Con Son Mountain & Pagoda

Con Son Mountain & Pagoda

This page provides information on Con Son Mountain and Pagoda

Con Son Mountain
 
 
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Con Son  

Con Son Mountain and Pagoda

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Con Son Mountain looks like a resting lion. With a shrine on the top, its 238m northern ridge adjoins Ngu Nhac Mountain. Con Son borders U Bo Mountain and a valley with bamboo hedges to the west. Next to it is the 72-peak Phuong Hoang (phoenix) mountain range with its vast pine forests, sparkling streams, rugged cliffs and ancient towers and pagodas.
Con Son is also known as Tu Phuc or Hun. In the 10th century, Dinh Bo Linh, who would later become future King Dinh Tien Hoang, from Hoa Lu in present-day Ninh Binh Province rose up against 12 warlords competing for power. Pursued by Dinh Bo Linh’s forces, Pham Phong At, one of the warlords who ruled the northeast region, fled to Con Son Mountain to hide together with his entourage. Following the advice from his subordinate, Dinh Bo Linh set the forests on fire to smoke out the warlord, who had to surrender and was captured.
Located at the foot of Con Son Mountain is Con Son Pagoda built at the end of the 13th century. The pagoda was one of the three centers of the Buddhist Truc Lam Trinity under the Tran Dynasty (1225-1400). The pagoda was extended in 1329 and underwent several restorations during the 17th and 18th centuries and in the last few decades. But the pagoda’s slipper-shaped tiles and stone pedestals from the Tran Dynasty are still preserved.
Gieng Ngoc ( Pearl Well)
Gieng Ngoc, or Pearl Well, is located on the side of Ky Lan Mountain at the foot of a tower. Legend has it that in the full moon night of the seventh lunar month, Huyen Quang, one of the founders of Truc Lam Zen Buddhism, sleeping in his room at Con Son Pagoda dreamt of seeing a shiny pearl on the side of the mountain. He wanted to get closer to scrutinize the pearl, but the sound of the pagoda’s bell woke him up. However, he could not stop thinking about his dream. So together with his assistants, Huyen Quang went to the mountain. There he found a well containing fresh and cool water. When the monk returned to the pagoda, he held a ceremony to thank the deities for the precious source of water. He also made the well deeper. Since then, the Pearl Well’s water has been offered in rituals at the pagoda.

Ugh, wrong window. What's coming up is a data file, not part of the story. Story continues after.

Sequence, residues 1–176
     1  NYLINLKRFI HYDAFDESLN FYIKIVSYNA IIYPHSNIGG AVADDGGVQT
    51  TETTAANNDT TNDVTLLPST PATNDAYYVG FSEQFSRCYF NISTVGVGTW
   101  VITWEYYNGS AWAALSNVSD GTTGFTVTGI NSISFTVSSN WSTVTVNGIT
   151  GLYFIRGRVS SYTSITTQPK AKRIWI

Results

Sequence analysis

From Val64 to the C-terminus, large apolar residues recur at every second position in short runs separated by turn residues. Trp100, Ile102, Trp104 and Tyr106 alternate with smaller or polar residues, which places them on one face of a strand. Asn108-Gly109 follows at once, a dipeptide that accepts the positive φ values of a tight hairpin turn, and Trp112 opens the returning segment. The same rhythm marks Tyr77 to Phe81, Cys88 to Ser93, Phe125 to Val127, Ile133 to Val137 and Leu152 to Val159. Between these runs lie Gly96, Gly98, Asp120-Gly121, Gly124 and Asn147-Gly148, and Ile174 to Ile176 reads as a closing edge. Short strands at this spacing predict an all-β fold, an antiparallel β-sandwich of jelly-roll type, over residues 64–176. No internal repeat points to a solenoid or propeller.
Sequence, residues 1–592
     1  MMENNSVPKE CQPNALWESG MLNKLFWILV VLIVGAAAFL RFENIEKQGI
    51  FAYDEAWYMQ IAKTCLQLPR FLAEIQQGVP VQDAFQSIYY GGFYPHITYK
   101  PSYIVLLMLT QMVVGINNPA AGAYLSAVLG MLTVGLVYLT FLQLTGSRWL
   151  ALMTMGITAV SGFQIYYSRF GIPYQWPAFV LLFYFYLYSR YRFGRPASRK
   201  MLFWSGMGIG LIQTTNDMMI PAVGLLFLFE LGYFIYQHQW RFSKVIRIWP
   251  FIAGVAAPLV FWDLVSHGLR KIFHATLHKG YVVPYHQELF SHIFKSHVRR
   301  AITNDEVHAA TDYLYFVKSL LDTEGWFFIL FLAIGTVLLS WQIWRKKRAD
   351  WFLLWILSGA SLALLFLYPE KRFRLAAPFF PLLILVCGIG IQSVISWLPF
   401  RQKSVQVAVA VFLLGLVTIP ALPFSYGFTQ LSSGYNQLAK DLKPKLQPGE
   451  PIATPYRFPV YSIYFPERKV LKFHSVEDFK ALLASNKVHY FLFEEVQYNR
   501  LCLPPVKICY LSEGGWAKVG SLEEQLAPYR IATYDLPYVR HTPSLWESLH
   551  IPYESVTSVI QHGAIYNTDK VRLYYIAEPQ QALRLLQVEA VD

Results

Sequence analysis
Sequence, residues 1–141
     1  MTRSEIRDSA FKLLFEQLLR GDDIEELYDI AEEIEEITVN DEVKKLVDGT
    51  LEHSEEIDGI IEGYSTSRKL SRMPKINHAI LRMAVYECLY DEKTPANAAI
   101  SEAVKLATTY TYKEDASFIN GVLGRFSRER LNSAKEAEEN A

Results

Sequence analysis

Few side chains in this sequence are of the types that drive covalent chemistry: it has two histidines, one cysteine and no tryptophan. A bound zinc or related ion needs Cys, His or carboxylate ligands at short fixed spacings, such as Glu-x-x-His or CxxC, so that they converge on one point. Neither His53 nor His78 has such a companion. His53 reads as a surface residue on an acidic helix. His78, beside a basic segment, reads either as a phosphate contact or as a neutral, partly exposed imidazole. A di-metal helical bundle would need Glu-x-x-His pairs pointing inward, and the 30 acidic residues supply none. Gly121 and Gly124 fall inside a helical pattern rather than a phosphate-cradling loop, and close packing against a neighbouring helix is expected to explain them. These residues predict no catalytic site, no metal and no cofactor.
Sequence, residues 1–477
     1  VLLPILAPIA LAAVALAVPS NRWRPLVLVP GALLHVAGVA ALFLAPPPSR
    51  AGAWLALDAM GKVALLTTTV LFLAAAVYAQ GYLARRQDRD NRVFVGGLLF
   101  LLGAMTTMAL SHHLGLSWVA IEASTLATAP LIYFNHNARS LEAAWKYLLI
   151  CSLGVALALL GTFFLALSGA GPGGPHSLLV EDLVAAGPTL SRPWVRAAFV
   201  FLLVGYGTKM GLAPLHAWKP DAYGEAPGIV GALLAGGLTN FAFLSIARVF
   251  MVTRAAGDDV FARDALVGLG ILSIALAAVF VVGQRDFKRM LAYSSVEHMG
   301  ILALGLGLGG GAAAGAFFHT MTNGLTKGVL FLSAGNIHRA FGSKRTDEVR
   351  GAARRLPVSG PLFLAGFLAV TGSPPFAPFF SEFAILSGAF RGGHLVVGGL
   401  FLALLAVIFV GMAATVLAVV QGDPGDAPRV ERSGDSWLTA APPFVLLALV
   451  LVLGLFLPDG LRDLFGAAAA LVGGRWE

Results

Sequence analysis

Am Bach Van and Ban Co Tien
Am Bach Van (white cloud temple) stands on the flat top of Con Son Mountain next to Ban Co Tien (fairy chessboard) and several other large flagstones called “immortal chessboards” by local residents. Six hundred rocky steps lead up to the chessboards.
According to legend, visitors from Kinh Bac (northern citadel) arrived in Con Son on autumn afternoon. After offering incense and enjoying the scenery, the visitors stayed at the pagoda. Early the next morning, they went to the mountain to play chess and drink wine. On the way up the mountain they heard chatter and laughter. But when they reached the temple on the mountain’s top no one was there, just a board with chess pieces showing an interrupted game. The visitors thought that some heavenly deities must have ridden clouds to Con Son Mountain to play chess and hurried back to heaven when somebody approached the top of the mountain.
Con Son Stream and Thach Ban
Aside from these magic places, Con Son boasts many pine tree forests, some having grown for several centuries, and several smaller forests of bamboo, myrtle and peony. When the spring comes, it looks as if Con Son wears a flower dress.
Gently flowing all year round, Con Son Stream is also a well-known tourist destination. Locals call the two large flat rocks on the stream’s banks Thach Ban (stone table). A legend says Nguyen Trai (1380-1442), a politician and poet under the post-Le Dynasty (1427-1789), used to sit on these rocks, composing poems and pondering national issues.
Nguyen Trai Temple
The temple was dedicated to Nguyen Trai, built at Con Son in December 2000 and inaugurated in 2002 in celebration of the 600th birthday anniversary of Nguyen Trai.
The constructions of the temple cover an area of 10,000m². The main temple stands at the foot of To Son Mountain, flanked by two mountains An Lac and Ngu Nhac. To its right is Con Son Stream. Inside the temple there are also the right and left ceremonial halls, inside and outside gates, stele house, the urn for burning votive offerings and Nghia Lake. The temple is a token of gratitude of the Vietnamese people to Nguyen Trai, the World Cultural Celebrity.

Source: Vietnam Nation Administration of Tourism

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